Just before the Labor Day weekend — and just in time for the start of the season — the National Football League announced a settlement agreement with former players who sued the league over concussion injuries sustained while playing professional football. The plaintiffs alleged the NFL had not adequately addressed concussion risks to players and, worse, had downplayed or even sought to suppress medical evidence linking serious injuries to on-field hits. According to the WSJ, the settlement represents a “big victory” for the league.
The agreement, reached at 2 a.m. Thursday Eastern time after nine weeks of intense mediation, came far earlier than most expected. It calls for the NFL to pay $765 million, mostly for medical benefits and injury compensation for the retired players, in addition to funding medical research and covering legal expenses.
The settlement includes all retired NFL players who present medical evidence of severe cognitive impairment, not just those who joined the suit. . . .
The settlement will cost each of the NFL’s 32 franchises $24 million over 20 years, or roughly $1.2 million a year. Projected league revenues this season are $10 billion, and the NFL finalized a series of media-rights deals last year that guarantee more than $40 billion through 2022. . . .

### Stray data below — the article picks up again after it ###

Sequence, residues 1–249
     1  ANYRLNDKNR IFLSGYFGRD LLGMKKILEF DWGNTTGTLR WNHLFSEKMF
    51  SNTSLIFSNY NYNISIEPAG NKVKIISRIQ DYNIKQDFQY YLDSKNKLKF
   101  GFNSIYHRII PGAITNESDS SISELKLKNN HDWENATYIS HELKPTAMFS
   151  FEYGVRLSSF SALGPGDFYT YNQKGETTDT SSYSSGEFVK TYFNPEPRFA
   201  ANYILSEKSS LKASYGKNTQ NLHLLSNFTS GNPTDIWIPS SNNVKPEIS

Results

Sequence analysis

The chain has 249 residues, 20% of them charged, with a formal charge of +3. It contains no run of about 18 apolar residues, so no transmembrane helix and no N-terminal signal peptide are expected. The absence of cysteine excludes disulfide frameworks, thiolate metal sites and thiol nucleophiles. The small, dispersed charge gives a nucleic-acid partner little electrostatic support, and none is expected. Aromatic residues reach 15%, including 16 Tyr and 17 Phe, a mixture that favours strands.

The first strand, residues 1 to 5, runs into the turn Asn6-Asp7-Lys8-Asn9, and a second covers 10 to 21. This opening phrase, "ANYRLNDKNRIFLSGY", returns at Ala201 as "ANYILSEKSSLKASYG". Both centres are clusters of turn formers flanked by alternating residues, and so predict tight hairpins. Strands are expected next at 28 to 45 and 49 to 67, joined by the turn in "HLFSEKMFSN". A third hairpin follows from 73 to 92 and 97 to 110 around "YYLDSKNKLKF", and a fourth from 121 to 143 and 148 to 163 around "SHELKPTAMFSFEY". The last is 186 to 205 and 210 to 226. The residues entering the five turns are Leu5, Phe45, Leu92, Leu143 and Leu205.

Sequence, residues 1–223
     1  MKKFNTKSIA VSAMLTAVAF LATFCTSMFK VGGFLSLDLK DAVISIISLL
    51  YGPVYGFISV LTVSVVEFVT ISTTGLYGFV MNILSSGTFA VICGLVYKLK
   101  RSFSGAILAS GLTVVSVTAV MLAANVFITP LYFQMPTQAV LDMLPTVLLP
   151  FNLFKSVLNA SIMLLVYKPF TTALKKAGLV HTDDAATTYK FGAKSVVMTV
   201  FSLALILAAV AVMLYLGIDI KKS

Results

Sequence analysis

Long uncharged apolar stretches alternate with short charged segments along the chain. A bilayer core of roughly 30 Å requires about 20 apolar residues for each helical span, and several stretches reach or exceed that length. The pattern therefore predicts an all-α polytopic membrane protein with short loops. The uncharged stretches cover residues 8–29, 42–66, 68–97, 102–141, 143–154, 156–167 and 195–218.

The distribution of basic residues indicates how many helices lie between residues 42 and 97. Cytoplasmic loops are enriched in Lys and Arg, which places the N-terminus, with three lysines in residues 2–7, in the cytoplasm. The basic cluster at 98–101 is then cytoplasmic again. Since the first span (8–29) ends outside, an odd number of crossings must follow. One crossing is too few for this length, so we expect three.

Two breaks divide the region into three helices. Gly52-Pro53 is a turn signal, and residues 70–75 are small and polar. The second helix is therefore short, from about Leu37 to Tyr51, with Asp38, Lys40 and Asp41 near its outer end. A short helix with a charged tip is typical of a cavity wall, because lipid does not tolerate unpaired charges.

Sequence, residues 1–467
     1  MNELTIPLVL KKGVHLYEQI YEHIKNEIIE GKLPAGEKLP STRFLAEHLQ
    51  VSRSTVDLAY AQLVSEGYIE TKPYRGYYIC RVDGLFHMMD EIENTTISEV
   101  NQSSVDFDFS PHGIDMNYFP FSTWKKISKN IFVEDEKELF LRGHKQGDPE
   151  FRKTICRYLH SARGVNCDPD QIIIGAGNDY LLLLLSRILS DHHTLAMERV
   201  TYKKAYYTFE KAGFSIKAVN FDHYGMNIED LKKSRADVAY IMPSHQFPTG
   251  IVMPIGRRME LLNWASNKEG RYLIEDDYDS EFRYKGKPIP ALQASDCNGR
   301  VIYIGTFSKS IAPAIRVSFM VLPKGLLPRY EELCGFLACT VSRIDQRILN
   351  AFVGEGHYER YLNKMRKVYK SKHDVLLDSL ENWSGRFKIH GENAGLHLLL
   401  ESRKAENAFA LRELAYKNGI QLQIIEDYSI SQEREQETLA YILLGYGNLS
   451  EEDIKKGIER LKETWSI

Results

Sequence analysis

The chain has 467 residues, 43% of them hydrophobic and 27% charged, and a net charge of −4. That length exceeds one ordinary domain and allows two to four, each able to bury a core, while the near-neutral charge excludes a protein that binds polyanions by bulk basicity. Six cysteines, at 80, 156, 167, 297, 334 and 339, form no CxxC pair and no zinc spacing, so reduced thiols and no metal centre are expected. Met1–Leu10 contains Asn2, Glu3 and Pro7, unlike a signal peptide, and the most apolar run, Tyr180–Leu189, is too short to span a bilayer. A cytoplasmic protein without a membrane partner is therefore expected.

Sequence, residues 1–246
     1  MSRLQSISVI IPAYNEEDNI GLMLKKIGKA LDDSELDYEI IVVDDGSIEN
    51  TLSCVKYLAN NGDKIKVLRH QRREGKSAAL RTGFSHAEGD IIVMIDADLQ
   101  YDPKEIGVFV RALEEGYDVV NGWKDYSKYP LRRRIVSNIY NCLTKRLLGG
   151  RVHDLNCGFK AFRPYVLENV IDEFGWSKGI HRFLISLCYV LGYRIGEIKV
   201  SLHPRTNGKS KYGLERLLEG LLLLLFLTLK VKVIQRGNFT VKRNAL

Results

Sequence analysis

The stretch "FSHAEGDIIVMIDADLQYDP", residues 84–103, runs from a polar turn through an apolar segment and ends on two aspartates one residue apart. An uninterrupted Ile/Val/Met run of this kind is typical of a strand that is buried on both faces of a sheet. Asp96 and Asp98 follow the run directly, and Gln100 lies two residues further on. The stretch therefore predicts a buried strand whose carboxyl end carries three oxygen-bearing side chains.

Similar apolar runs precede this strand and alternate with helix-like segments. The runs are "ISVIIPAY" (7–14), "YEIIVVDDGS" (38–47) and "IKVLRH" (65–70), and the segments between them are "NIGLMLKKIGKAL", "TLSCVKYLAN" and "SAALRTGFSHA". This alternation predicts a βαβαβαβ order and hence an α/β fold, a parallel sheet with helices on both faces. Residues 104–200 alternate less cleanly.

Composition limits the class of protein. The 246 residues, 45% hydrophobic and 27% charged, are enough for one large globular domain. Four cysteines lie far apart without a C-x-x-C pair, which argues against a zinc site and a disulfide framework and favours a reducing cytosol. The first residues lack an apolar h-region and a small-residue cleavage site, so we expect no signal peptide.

The settlement calls for $75 million of the NFL payment to go to baseline medical exams for ex-players, $675 million to go toward compensation and $10 million to go to research and education.
A judge must still approve the settlement for it to take effect, and former players who believe the settlement is inadequate may opt out to pursue claims individually. Current players, however, will have to pursue any future claims through an arbitration process provided for in the league’s collective bargaining agreement. Some former players have attacked the deal for letting the league off easy.
UPDATE: Howard Wasserman comments at Prawfs.